It is the number one tourist attraction is Oslo. The site was under construction due to the fact that they are hosting the FIS World Cup Ski Championships this year and the jump didn’t meet height requirement for the organization so it is being completely rebuilt. We were still able to tour it though. The tour cost 80 Kr and took us to the very top of the jump. The view was spectacular.

One can see all of Oslo being that the jump is the highest point in the city. The museum was also very informative. There was a display showing how skis were made 5000 years ago until current. There was also a lot of information about the ski movement in the 1900’s when the Norwegian government made skiing the national sport and created multiple campaigns to encourage people to get out and enjoy nature. The crown prince was even a skier himself!

I woke up at 6 am to take a shower, eat, and gather my things. I hadn’t even bought notebooks, textbooks, or pens yet! My roommate was probably a little annoyed…

I was lucky to have gotten to class so early, I guess. There are 300 students registered in the class and only 200 seats in the auditorium. I guess like my professor said, “They aren’t expecting 100 students to show up a day.” Eh? My first and only class for the week was American literature. It was odd sitting in a class of 300 Norwegians learning about America. Lewis and Clark… I know them! California? Where is it? I’ll show you! I really enjoyed the class though, and am excited to start the reading list, which is extensive! I bought the textbook for the class: 3 inches wide and weighs nearly 10 lbs! The other reading I plan on borrowing from the library in order to save some money. The teacher spoke really great English. I wouldn’t be surprised if she is from the US.

One thing I will say is that I am thrilled that classes are starting. Finally I’m starting to realize how lucky I am to be a student. Not only is it an opportunity that not reachable for everyone, but also the fact that we are able to spend time learning about the world around us and not worrying about much else in extremely special. We are given the tools and knowhow to pull of some pretty amazing things and come up with some incredible thoughts. This time is fast fleeting though as I’ve learned from my roommate who only has a year left in her master’s program. So I must appreciate it.

After class I went down town to Grønland where I picked up some more things from the market and took a look into a couple other stores. I needed notebooks, colored pencil, copy paper, and a broom. When I checked out the woman flat out laughed at me as I placed a pad of paper covered with a clown picture, a pink canister of colored pencils, children’s themed notebooks, and a neon blue broom on the counter. They were cheap all right?!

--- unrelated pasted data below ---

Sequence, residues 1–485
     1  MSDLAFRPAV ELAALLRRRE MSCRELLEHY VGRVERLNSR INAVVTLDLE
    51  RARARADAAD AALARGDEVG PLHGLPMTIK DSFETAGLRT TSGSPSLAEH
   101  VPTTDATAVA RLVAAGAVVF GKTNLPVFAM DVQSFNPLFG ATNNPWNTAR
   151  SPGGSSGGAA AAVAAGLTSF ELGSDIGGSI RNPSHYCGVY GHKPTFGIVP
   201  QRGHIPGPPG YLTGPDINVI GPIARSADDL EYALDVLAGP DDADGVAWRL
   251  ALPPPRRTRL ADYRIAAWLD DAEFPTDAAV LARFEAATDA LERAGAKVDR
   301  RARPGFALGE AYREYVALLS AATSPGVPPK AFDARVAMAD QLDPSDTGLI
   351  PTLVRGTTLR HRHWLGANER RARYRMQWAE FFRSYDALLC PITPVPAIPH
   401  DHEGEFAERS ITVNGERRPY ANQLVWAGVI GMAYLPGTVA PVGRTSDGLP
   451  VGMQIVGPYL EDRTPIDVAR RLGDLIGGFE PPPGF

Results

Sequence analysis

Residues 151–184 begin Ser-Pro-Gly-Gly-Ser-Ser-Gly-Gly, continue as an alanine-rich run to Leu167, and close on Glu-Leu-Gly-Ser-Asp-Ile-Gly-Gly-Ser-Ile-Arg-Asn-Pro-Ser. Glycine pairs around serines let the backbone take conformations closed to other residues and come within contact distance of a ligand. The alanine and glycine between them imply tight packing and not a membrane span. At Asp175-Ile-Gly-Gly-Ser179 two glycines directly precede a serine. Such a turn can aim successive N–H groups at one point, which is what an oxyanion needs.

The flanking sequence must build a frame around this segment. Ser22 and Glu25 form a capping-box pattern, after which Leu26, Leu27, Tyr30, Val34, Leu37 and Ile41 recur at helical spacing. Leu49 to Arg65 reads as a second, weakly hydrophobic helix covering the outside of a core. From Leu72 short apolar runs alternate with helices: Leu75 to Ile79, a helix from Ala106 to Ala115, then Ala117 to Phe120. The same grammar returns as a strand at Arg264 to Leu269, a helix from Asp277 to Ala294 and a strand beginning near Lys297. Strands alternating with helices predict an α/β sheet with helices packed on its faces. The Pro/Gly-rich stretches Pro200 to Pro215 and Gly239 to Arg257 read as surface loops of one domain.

Sam: 5 things I will miss while abroad

August 24, 2010

Finally, less than one week before departure, I have received my homestay information. I will be living with Alberto, a teacher, and his wife and son, Amanda and Santiago (who is 23). For the first time, I realize that this fantastic voyage is imminent. Knowing the names and address of the people with whom I will be living has eased my mind just enough that maybe now I can finish my shopping and begin packing (but probably not).

Certainly there are a number of people I will miss and it will be strange to not be able to wake up in my own room (at home or in a dorm), but I made a little list dedicated to the things I will miss the most while in Quito. Plus, this is a good way to get me in the habit of actually writing in this online journal.

5. Terrible food

I don’t mean food that tastes bad since that is missable wherever I go in the world. Rather, I mean the heart-stopping, stomach-churning, sleep-inducing garbage that makes my home country so famous. Burgers, hot dogs, chips, anything from a Paula Deen cookbook, etc. I don’t eat a whole lot of these foods as is, but when I do I go all out…

4. Seasons
Quito is a balmy 45-70 F year round (source: Wikipedia. Take that, college education.). It is in a plateaued valley and experiences cool and pleasant weather most days. Nevertheless, I will be missing fall this year, which just happens to be my favorite season. Spring and fall are about the only things Pennsylvania’s climate does well, so it is somewhat of a shame to not have that even for only a year.

3. Transportation
I have the luxury of being able to walk, bike, or drive anywhere I need to go. This will not be the case in Quito. I am going to be relying on buses, taxis, planes, and other assorted mass transit options to get around. Since Quito is a city this won’t be as frustrating as if I were studying in a rural area but still…I like to be in control.

2. My Stuff
Packing light is mandatory. Everything I could possibly need has to fit in one suitcase and one backpack. That said, I’m going to miss some things that won’t quite make the cut, such as a bed or a bike. Luckily, I’ll have a computer, so most intellectual property will be available to me, but I have a feeling the program frowns upon packing a Nintendo “just in case.”

1. English
This entry would have taken about an hour if I had to write it in Spanish. Obviously I very much enjoy speaking and reading and writing and learning in Spanish, but it does take significantly longer to accomplish anything than if I were utilizing my native tongue. I also won’t be able to quickly deploy some of my favorite colloquialisms and expressions because they just wouldn’t make sense. I’m sure I will find plenty of time for English even in a Spanish-speaking country, but there will be something lacking when I can’t seamlessly go through my day as I would at home.